The art of packing a lunch

Packing school lunches is no longer about bologna sandwiches and PB&J. Between the increasing sophis

Packing school lunches is no longer about bologna sandwiches and PB&J. Between the increasing sophistication of our palettes — because of the wide variety of foods available and the food shows on cable — and the emphasis on eating healthy food and preventing childhood obesity, school lunches for some families are changing.

Ella Weldy of Ballston Lake might open up her lunch box to find a sandwich of smoked salmon (wild caught), vegetable cream cheese and capers on a bagel thin instead of bread (less carbs). Or perhaps a small tub of hummus with pita chips and vegetables.

Another day, she might dine on homemade guacamole with tortilla chips (the chips are a once-in-a-while treat, as her mother doesn’t buy them routinely). Whatever it is, it’s different every day. Ella doesn’t like to have the same thing two days in a row, said her mother, Gwen Weldy — and a lot of thought goes into the packing.

Finding a balance between taste and health can change packing the school lunch from a run-of-the-mill routine into an art form.

Utilizing nutrition labels

Weldy is health-minded to begin with when shopping for her family. She consults the Shopper’s Guide to Pesticides (found online at and looks for the fruits and vegetables with the least pesticides or sticks to organic.

Henriette Oberg of Colonie is mindful with her daughter’s lunches, too. It starts with careful shopping, where she scrutinizes food labels. “There’s no high-fructose corn syrup and no MSG for her,” she said. “It’s my dietitian neuroses coming out,” she joked.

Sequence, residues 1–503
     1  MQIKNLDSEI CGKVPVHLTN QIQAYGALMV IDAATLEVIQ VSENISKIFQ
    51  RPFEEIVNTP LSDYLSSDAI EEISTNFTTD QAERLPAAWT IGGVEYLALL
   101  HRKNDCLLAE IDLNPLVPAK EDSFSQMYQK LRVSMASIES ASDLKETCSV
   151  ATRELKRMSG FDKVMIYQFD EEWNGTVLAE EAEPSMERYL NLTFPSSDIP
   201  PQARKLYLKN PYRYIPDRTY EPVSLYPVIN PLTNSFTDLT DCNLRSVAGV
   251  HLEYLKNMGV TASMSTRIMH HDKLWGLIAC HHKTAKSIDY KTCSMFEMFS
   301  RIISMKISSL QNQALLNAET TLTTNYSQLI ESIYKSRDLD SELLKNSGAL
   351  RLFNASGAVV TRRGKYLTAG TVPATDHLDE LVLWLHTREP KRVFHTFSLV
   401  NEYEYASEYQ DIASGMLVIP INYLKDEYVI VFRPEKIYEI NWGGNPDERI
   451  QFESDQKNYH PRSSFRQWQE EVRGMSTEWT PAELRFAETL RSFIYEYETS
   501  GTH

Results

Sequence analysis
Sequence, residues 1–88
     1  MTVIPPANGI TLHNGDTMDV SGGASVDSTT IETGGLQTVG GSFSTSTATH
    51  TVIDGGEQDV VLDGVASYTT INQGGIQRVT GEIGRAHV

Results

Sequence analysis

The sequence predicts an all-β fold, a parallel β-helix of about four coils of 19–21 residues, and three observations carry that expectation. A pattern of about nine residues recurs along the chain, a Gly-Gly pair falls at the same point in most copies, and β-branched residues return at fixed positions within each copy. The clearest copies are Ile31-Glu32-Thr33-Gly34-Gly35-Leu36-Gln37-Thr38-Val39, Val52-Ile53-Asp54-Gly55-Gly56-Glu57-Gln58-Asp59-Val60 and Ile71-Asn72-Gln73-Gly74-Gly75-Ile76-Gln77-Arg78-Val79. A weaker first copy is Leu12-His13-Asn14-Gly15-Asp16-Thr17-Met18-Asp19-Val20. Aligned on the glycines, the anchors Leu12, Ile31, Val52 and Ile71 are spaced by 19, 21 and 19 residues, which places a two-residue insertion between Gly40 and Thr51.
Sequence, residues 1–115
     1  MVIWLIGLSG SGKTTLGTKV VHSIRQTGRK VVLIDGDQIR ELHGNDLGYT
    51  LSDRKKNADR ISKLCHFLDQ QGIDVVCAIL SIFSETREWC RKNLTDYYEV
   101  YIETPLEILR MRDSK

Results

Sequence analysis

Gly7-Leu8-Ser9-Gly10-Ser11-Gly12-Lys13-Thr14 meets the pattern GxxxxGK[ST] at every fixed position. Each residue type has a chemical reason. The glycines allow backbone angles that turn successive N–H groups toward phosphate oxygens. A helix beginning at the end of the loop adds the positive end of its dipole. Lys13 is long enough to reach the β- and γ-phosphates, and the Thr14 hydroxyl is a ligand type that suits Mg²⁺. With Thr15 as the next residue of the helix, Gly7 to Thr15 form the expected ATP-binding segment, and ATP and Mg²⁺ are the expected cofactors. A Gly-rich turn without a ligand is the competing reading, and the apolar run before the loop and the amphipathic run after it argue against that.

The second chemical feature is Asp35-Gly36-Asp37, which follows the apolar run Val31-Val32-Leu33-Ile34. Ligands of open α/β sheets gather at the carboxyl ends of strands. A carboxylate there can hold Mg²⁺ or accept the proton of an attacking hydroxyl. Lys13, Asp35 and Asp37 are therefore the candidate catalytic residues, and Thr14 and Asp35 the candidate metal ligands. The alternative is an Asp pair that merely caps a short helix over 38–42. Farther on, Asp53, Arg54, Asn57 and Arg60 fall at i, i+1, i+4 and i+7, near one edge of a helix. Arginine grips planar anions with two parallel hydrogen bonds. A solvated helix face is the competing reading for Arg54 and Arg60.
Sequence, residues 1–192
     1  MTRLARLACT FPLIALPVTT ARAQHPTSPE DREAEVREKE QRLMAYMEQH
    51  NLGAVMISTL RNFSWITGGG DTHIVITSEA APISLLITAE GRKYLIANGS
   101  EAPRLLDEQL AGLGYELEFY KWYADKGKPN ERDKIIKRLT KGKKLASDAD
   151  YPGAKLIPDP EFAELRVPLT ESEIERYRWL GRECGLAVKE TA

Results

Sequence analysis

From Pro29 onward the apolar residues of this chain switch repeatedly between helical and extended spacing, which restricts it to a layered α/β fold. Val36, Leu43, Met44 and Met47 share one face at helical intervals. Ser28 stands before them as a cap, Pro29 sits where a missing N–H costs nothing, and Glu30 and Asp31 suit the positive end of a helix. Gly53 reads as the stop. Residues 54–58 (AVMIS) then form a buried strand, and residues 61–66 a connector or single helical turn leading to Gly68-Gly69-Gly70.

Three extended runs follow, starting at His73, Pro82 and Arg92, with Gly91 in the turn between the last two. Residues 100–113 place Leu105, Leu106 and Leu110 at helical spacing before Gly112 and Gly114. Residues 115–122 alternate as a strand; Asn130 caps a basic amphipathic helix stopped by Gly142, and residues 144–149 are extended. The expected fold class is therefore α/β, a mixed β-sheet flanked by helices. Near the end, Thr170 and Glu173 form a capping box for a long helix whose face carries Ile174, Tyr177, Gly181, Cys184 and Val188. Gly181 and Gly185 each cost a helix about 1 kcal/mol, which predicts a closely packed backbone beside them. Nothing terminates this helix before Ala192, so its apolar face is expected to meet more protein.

Joking aside, comparing labels can go a long way when it comes to packing healthy lunches. Comparing food labels among similar products is important, said Diane Whitten, a nutrition educator at Cornell Cooperative Extension in Saratoga Springs. The amount of sugar, fiber, fat and protein can vary greatly from product to product, and some are clearly better choices than others. She recommends that parents read nutrition facts panels to find products that supply no more than 6 grams of sugar, 5 grams of fat and 140 calories per serving when choosing snacks.

Easier to find options

Because healthy options are becoming more common, they’re coming down in price and can be found in mainstream grocery stores rather than specialty ones, Oberg said.

Weldy doesn’t buy many of the snacks that are packaged for kids. For example, gummy fruit snacks are out. Rather, she shops at an online website where customers can buy any type of dried fruit as well as different kinds of nuts. “Instead of sending fruit snacks, I’ll send in . . . dried cherries, raspberries, et cetera,” she said. Oberg has put a food dehydrator on her Christmas list so that she can make her own dried fruit for school lunches.

Kids do like curb appeal and many prepackaged products count on that. The healthier choice, though, is DIY. Parents can buy their own containers and create healthier versions of these products. “You end up with fresher food, and it’s a lot less expensive,” Whitten said.

A nutritious lunch should have at least three of the five food groups — vegetables, fruits, meat/meat alternatives, grains and dairy, Whitten said.

Fresh fruit and vegetables are something that both Weldy and Oberg like to include in their children’s lunches. Weldy tries to keep a variety of fresh fruit on hand. Her son Nate likes a few different kinds of fruit rather than a serving of one kind of fruit. “I’ll have five to six different kinds of fruits and let them pick,” she said. She stocks cans of mandarin oranges in case she runs out of fresh fruit, as fruit is always included in her kids’ lunches.

Vegetables are excellent for lunches. “Kids love red peppers,” Whitten noted. Dip can make vegetables and fruit even more enticing. Ranch is a popular one (but be sure to get the low-fat version, Whitten said). Weldy includes some “dipping sauce,” either ranch or bleu cheese dressing with cut-up carrots and celery. She also includes an exotic choice for her son on occasion — garlic stuffed olives, one of his favorites.